Editor’s Note: Four months ago Dappered put the call out to you the readers, for good looking yet durable shoe suggestions for our Official Bartender, Michael Bowers. He was beating the snot out of his shoes, and continues to do so. Three pairs were chosen to be tested for comfort, durability, and looks. Four months in there are no holes in soles yet… YET. Each pair has been rotated in equally with the others. Get Michael’s take on each below.
Pair #1: Shoes for Crews “Senator” – $79.98
I had never heard of Shoes for Crews before reading the comments on the initial post in this series. Since many of you Dappered gentleman recommend them, and because the company bills its shoes as specifically designed for the service industry, we thought we had to take a pair for a spin. Browsing the website didn’t turn up many options that would fit with my usual bartending attire, but the Senator style seemed like it could work.
New out of the box, I wouldn’t call them stylish. Their proportions and shape feel old-fashioned compared with the modern feel of the Rockports and the classic feel of the Allen Edmonds. Leather looks cheap, too. The one area wear these really stand out, though, is traction. For most people, traction probably isn’t a huge concern, but for a bartender, good traction is a bonus. These are so grippy that I nearly tripped the first time I walked from the concrete floor behind the bar to the carpeted dining room. Four months in, they’re a bit scuffed and the leather is beginning to show plenty of creases, but otherwise the shoes are holding up pretty well.
Pair #2: Allen Edmonds “Hector” – $295.00
No surprise, these are great shoes. The look is classic, the construction is solid and the materials seem to be of great quality. They have some down sides, though. The cushion that the natural rubber sole provides with each step is nice, but they are not as comfortable over many hours standing as the Rockports and Shoes for Crews. And they’re relatively heavy, which doesn’t make a difference walking from the elevator to an office chair, but after 9 hours on my feet, they can feel like weights attached to already heavy legs.
As far as durability is concerned, the upper feels solid, but I’m not convinced by the sole. After only a few shifts, noticeable wear and tear began to show in the rubber. Now, after four months, the right shoe (but oddly not the left) shows significant wear in the tread. Though the upper is in relatively great shape compared to the other shoes, I’m not certain the soles are going to last an entire year.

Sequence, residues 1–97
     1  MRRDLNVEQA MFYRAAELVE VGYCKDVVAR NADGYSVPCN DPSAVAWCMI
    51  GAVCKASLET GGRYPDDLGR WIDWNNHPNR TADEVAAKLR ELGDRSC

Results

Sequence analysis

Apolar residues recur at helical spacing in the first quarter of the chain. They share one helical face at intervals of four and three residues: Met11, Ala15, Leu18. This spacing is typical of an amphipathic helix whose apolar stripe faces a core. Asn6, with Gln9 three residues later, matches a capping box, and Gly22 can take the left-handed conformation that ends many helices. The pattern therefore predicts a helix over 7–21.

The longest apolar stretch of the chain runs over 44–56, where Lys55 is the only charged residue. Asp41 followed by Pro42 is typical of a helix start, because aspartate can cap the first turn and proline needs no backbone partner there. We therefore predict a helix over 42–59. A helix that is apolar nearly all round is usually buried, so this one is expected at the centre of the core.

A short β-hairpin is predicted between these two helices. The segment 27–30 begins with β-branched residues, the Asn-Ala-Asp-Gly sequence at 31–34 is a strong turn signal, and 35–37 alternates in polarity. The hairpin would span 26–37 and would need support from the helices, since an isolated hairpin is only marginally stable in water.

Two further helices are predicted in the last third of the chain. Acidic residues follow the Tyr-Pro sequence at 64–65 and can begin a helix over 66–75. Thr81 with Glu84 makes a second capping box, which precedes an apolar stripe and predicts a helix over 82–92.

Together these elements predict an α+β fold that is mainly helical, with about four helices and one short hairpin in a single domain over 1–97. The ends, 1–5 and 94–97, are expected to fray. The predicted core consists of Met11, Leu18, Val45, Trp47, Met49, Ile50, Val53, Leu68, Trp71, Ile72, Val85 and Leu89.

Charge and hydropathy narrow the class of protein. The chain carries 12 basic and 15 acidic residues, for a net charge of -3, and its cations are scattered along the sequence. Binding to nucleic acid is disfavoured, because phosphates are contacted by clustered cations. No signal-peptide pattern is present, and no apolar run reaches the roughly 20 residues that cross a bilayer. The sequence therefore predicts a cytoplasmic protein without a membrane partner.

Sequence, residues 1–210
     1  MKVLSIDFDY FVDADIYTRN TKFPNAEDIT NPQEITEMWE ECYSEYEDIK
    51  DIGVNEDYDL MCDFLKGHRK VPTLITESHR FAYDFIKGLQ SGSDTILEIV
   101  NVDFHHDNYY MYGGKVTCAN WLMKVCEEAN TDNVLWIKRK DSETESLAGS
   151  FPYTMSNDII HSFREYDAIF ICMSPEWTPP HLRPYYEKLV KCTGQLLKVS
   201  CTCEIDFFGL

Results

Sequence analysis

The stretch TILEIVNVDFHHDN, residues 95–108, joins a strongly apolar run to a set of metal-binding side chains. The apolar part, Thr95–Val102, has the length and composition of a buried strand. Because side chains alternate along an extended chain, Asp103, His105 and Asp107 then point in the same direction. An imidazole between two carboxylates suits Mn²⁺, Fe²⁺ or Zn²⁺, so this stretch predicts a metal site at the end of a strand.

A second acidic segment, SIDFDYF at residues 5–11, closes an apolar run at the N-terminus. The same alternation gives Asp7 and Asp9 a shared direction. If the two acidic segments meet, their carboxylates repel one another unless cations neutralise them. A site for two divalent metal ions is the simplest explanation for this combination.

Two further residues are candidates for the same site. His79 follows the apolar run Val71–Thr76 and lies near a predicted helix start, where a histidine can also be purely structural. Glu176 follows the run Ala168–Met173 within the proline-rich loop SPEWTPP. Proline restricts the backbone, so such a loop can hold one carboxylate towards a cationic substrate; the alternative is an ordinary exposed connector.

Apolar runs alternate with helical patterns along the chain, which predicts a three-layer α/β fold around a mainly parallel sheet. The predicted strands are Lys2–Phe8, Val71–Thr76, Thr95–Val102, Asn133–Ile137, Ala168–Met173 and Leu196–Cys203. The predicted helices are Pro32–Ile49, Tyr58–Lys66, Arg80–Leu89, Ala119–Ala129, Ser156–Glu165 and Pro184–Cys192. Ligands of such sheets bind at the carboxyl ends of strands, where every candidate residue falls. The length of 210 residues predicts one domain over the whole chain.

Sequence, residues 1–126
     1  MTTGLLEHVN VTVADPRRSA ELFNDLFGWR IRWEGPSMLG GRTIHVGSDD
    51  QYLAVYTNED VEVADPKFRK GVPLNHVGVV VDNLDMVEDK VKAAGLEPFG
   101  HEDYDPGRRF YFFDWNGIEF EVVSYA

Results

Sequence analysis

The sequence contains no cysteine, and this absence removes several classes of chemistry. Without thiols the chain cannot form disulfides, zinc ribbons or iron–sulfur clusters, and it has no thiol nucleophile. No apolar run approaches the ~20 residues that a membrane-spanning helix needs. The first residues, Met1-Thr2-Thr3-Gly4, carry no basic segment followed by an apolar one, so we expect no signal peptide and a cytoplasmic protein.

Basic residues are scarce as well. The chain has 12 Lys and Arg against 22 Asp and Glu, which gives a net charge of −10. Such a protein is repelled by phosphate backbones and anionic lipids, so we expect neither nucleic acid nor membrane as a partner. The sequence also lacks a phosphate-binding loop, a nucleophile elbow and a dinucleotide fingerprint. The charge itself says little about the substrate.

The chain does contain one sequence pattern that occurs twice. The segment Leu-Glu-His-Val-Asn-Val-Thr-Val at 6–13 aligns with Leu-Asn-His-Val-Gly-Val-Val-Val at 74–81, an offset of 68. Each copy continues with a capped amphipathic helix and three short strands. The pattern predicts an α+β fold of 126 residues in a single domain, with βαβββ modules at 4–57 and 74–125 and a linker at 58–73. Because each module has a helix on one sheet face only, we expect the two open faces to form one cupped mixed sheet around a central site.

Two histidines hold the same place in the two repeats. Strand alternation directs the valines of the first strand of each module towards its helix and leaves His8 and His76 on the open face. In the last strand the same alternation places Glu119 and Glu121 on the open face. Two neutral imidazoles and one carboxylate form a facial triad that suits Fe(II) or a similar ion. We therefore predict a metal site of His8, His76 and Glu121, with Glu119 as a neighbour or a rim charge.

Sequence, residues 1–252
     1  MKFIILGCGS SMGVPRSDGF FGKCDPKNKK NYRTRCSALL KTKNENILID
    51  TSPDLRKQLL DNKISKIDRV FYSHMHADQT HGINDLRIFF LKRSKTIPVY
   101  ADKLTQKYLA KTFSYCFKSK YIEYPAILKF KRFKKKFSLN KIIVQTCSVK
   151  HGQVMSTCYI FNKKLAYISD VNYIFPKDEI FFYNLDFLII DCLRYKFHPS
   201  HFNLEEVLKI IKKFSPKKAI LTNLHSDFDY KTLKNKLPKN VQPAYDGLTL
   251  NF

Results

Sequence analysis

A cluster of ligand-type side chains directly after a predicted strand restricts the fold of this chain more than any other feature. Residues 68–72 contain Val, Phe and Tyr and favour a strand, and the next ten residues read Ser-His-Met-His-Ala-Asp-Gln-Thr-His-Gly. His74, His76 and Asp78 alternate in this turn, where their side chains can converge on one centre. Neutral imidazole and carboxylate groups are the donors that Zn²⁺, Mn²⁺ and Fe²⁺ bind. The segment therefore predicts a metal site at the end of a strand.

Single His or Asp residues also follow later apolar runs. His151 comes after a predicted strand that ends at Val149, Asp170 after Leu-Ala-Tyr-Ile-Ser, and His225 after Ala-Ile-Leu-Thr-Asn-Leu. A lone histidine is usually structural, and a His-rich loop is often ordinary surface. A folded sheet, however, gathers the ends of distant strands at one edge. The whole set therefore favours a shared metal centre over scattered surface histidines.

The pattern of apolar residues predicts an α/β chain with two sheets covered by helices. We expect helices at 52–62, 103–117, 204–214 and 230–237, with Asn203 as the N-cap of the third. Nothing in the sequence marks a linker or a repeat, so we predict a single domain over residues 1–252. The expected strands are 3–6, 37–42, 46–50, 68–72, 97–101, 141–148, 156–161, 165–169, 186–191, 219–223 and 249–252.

These are a real surprise. After the age of 60, my dad would wear nothing but Rockport shoes. The few pairs he wore until he entirely gave up shoes for thick soled slippers were designed for one purpose: comfort. Those nondescript, lightweight walking shoes were all I associated with Rockport until this pair.
Of the three, these have garnered the most attention (and compliments) from customers and co-workers. They feel modern and stylish, without being loud. In short, they look great. They feel good to wear, too. They’re still comfortable after several hours on my feet. Like my dad’s shoes, though, these are lightweight–bordering on flimsy even–and off all three pairs, these are the ones I expect to give out first. After wearing them for every third shift for four months the leather is starting to look pretty rough, with significant creases in the leather of the upper.
After Four months, no clear winner yet. And since this is the “control” round, Michael hasn’t been doing much to care for the shoes, other than tree them after use. You try scrubbing down and polishing shoes after bartime. Which pair would you choose? Is it worth investing the time and money in serious leather care products, or just go inexpensive and replace as needed?
About our Bartender – Michael Bowers is the Head Bartender at the Modern Hotel and Bar in Boise, Idaho. His patrons know him for the uncanny precision with which he tends his bar. Michael’s cocktails have been noted by, among others, Food and Wine, Sunset Magazine, GQ, and the New York Times. See more in The Drink archive.